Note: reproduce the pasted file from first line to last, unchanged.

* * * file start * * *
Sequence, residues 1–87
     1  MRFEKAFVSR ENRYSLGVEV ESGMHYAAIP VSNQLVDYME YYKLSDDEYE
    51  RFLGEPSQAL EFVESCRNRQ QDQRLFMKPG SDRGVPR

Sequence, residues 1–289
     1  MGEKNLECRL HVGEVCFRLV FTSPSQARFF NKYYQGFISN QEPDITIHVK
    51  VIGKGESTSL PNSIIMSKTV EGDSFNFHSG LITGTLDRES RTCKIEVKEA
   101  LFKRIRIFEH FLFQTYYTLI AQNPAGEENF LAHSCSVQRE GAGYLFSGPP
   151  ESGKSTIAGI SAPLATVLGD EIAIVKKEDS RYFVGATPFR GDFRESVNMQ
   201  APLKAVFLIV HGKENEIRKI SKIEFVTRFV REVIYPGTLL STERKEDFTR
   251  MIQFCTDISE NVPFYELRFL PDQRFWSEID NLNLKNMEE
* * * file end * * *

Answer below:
Sequence, residues 1–87
     1  MRFEKAFVSR ENRYSLGVEV ESGMHYAAIP VSNQLVDYME YYKLSDDEYE
    51  RFLGEPSQAL EFVESCRNRQ QDQRLFMKPG SDRGVPR

Sequence, residues 1–289
     1  MGEKNLECRL HVGEVCFRLV FTSPSQARFF NKYYQGFISN QEPDITIHVK
    51  VIGKGESTSL PNSIIMSKTV EGDSFNFHSG LITGTLDRES RTCKIEVKEA
   101  LFKRIRIFEH FLFQTYYTLI AQNPAGEENF LAHSCSVQRE GAGYLFSGPP
   151  ESGKSTIAGI SAPLATVLGD EIAIVKKEDS RYFVGATPFR GDFRESVNMQ
   201  APLKAVFLIV HGKENEIRKI SKIEFVTRFV REVIYPGTLL STERKEDFTR
   251  MIQFCTDISE NVPFYELRFL PDQRFWSEID NLNLKNMEE